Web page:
Optical components

Ciena Tunes In Bookham

A Bookham Inc. (Nasdaq: BKHM; London: BHM) tunable transceiver scored a win with Ciena Corp. (NYSE: CIEN) today, keeping Bookham apparently a step ahead of competition in an area considered crucial to the components vendor's turnaround.

The part in question is the TL8000, a module that's tunable and pluggable. Ciena plans to use the TL8000 all over the place, in platforms including the CoreDirector, CoreStream, and CN 4200. (See Ciena Picks Bookham.)

The module, introduced in February, goes on the line side of telecom equipment -- that is, the side facing the metro or long-haul network, as opposed to the side that points to neighboring gear in the central office.

Part of what makes pluggable interfaces important is their size, small enough to pack four 10-Gbit/s interfaces where only one would fit before, says Jim Zik, senior product marketing manager for Ciena.

But the TL8000 doesn't adhere to any multisource agreements (MSAs), such as the XFP format. It's about twice the size of a regular XFP, but smaller than the older Xenpak specification.

That's a compromise Bookham made in order to pack its tunable transceiver into as small a package as possible. Getting down to an XFP size, and getting those modules up to production volumes, will take another 12 to 18 months, says Yves LeMaitre, Bookham's vice president for telecom sales and corporate marketing.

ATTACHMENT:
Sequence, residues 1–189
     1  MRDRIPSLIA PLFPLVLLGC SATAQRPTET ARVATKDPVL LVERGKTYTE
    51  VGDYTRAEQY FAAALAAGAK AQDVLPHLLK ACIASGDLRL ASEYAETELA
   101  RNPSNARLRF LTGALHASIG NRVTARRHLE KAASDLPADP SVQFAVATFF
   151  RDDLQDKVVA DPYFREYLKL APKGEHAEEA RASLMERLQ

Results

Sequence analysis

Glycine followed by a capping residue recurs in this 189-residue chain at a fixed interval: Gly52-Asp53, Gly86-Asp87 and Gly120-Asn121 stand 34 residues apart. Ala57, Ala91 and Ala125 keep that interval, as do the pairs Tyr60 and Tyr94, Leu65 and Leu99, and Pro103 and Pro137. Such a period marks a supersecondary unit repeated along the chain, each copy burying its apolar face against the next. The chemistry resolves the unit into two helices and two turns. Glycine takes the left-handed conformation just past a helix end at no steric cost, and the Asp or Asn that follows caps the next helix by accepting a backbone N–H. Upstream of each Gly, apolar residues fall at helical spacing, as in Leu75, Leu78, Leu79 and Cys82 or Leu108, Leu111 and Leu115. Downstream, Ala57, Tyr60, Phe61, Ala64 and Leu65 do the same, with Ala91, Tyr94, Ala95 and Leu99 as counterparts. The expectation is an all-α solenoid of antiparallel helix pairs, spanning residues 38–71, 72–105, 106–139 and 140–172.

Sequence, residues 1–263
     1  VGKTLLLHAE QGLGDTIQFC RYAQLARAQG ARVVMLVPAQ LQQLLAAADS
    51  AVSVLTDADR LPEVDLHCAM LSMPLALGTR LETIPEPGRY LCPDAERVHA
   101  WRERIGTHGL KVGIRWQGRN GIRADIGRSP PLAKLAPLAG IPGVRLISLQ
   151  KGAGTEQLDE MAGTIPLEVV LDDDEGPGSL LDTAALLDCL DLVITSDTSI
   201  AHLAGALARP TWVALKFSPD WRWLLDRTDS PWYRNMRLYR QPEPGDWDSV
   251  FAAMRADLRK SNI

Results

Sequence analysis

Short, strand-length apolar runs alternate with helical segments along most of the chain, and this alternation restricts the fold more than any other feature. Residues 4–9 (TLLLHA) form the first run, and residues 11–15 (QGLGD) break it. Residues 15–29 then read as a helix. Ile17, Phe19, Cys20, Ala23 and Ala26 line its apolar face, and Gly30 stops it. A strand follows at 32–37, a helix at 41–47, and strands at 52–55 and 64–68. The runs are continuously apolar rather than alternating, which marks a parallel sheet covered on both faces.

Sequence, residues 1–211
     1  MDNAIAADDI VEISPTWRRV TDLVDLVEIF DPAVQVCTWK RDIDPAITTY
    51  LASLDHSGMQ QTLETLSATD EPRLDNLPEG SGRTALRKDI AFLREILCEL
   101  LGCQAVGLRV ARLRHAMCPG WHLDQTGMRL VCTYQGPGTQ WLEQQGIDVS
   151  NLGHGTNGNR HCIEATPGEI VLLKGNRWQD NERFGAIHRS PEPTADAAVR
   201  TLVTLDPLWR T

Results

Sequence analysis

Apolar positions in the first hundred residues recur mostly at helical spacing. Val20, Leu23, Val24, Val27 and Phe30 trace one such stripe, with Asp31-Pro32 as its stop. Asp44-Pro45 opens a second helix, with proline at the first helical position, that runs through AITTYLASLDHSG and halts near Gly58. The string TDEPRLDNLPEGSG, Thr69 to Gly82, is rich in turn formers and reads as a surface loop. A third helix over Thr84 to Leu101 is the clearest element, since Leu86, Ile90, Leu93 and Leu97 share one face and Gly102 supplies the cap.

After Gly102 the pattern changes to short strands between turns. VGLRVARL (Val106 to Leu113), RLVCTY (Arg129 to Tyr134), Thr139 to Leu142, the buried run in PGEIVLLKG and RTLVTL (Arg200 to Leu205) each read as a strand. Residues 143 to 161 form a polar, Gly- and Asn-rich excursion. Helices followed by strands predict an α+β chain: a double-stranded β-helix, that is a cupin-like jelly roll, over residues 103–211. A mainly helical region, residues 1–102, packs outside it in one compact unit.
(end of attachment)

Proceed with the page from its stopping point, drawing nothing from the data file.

Bookham isn't the only one working on tunable, pluggable modules. JDSU (Nasdaq: JDSU; Toronto: JDU) made some noise in January about its XFP tunable module, although that's not set to come out until year's end. (See JDSU Gets Tunable & Pluggable and JDSU Heads to OFC.)

Along similar lines, Santur Corp. has been working on integrating tunable lasers with pieces like modulators.

That's part of what makes the Ciena announcement important to Bookham. Aware that a "PowerPoint battle" was emerging, Bookham wanted to record a customer win, to show that the products were real, LeMaitre says.

Bragging rights aren't all that's at stake. Bookham has been in the red since its massive acquisition of the Nortel optical components group, many moons ago. Tunable transmitters give it a shot at leading the pack in something that's cutting-edge, and they're therefore important to Bookham's ongoing turnaround.

"Bookham invested a lot in the tunable technology. It's one of the two pillars of our business," LeMaitre says. (The other is 980nm pump lasers for amplifiers.)

Tunables won't save the day singlehandedly. They don't even represent 10 percent of Bookham's revenues yet. And the company's losses, while not as magnificent as in years past, are expected to last well into 2009.

Table 1: Bookham's Slow Turnaround
Fiscal Year Revenues ($M) Earnings Per Share
2004 158.2 -$5.25
2005 200.3 -$7.43
2006 231.6 -$1.87
2007 202.8 -$1.17
2008* 234.4 -$0.18
2009* 269.9 -$0.04**
Fiscal year ends in June.
* Estimated
** Includes a forecasted profit of 1 cent per share in 4Q09!
Source: Company reports, Reuters